Imagine Greco-Roman male head of households who were the very heart of enforcing the social and cultural imagination of the Caesar-cult and the empire, now charged to act like Christ, to honor their wives, treat their slaves as human-beings, equal in all ways, and to treasure all born to them, the deformed, the girls, the boys. Imagine that these men, once the center of the Roman universe were so deconstructed by the good news of the forgiveness of sins and then reconstructed (by and through faith) to die for their family, to suffer for Christ, to make disciples–that is the good news for the community, the challenge to the empire, the stand against Caesar. The household gathered-church, God's way of changing the world.
In 1 Peter 2:9 there are two words we must re-translate (a better nuance based on their actual meanings) in order to get a better sense of Peter’s syntax and meaning, which will offer a fresh and perhaps more accurate (and certainly a more powerful) reading of this wonderful set of defining metaphors of the church.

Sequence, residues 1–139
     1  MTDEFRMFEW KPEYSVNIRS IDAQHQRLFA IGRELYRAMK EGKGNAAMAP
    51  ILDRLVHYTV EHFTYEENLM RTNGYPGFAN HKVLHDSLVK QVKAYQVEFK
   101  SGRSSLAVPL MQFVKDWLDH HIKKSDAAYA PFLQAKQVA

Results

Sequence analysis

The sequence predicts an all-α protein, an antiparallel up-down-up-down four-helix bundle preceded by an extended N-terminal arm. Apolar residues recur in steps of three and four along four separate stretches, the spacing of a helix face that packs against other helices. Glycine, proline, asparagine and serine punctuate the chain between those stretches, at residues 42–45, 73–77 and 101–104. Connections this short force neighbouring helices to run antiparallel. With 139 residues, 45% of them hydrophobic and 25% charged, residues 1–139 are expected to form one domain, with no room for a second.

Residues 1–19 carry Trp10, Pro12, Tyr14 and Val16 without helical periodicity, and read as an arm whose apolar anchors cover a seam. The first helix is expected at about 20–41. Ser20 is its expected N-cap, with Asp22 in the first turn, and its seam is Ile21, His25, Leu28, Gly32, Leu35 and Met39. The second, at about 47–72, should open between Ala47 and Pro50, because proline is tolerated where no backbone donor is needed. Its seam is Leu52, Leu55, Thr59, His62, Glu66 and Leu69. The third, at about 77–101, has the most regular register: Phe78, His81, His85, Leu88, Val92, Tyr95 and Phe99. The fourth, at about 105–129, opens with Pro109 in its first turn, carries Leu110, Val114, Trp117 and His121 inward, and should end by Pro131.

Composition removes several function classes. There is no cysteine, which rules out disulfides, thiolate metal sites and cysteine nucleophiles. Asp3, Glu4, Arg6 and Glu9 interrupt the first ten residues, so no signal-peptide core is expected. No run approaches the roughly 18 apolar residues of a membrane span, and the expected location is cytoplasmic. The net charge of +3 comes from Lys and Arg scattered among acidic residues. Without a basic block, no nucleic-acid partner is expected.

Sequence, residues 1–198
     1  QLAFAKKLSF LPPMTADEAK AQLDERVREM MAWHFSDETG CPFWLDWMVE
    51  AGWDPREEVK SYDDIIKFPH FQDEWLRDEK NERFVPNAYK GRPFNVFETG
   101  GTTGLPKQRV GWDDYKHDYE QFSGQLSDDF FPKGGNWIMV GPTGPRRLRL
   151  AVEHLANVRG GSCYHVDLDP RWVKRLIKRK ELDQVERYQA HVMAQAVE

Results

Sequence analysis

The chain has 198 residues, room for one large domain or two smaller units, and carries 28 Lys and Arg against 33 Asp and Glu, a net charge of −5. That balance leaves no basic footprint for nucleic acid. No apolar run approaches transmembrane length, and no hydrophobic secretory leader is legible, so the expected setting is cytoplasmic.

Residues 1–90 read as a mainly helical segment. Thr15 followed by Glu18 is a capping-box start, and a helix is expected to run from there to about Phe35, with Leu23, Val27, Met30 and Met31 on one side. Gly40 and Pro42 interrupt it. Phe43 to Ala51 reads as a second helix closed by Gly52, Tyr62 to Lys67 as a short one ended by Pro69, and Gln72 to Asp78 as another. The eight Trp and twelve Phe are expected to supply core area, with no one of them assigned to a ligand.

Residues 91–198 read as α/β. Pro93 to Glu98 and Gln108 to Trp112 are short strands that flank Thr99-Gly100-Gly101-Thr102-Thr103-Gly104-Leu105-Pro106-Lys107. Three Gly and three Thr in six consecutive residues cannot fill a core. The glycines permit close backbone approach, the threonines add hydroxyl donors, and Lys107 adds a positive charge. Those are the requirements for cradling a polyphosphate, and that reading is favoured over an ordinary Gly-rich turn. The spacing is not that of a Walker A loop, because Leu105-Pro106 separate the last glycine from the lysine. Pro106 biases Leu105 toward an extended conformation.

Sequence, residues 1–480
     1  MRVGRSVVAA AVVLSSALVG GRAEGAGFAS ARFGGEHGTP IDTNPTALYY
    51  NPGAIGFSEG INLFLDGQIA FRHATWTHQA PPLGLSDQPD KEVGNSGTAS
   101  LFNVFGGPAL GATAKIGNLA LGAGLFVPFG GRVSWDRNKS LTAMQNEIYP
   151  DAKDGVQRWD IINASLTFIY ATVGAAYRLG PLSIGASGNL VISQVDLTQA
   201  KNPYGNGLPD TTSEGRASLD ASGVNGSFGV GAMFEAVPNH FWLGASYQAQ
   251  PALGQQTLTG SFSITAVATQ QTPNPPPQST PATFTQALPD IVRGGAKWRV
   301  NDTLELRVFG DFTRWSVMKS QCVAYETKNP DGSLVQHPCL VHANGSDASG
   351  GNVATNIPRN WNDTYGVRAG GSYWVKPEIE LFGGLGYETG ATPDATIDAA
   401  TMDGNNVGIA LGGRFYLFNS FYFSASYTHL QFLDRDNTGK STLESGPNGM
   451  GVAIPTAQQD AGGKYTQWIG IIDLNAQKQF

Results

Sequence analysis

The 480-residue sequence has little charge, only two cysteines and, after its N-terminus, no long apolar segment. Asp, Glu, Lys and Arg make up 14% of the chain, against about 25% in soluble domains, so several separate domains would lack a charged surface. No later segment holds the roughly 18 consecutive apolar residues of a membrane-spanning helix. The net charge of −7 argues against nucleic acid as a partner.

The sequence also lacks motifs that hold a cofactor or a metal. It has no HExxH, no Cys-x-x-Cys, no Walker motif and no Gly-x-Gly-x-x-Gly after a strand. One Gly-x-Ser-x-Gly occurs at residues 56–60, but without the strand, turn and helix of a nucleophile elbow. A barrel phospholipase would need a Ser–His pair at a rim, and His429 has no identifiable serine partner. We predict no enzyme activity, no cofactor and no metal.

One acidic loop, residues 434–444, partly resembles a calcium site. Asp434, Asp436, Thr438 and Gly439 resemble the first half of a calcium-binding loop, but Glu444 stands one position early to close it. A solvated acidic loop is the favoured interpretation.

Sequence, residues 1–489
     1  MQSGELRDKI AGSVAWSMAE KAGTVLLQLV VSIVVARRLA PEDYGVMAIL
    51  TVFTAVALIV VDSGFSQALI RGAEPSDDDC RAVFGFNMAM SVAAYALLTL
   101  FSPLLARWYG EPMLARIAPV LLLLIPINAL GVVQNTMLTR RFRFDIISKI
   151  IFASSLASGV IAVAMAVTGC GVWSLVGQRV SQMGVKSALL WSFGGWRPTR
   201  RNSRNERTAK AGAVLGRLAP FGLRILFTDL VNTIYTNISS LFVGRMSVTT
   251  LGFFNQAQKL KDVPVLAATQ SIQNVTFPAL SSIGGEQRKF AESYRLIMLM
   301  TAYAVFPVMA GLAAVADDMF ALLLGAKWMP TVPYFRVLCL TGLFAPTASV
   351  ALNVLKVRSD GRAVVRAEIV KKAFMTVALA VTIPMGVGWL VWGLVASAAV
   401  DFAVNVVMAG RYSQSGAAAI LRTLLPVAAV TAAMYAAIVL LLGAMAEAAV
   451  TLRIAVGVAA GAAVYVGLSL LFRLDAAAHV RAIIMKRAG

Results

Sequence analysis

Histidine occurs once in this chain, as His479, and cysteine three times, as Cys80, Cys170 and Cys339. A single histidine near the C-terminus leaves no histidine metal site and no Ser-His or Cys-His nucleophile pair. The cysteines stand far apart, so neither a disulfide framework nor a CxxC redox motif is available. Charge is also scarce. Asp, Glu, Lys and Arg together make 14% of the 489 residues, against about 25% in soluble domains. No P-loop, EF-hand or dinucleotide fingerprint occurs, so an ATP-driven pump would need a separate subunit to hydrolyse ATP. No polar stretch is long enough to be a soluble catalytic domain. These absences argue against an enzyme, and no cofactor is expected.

First, I take exaggellō (proclaim) to mean more literally, “message out.” Peter uses a different word than the typical “proclaim” (kēryssō) used elsewhere in the NT from which we get the concept of “preaching.” Exaggellō is made from two words ek (out) and aggellō (I message). The verb, aggellō is from the noun, messenger (aggelos, where we also get "angel" as in the angels were God’s messengers—you get that). So, Peter picks an atypical word so we are allowed to rethink “proclaim” a bit and take his choice a bit more targeted to the idea of “messenger” getting the message “out.”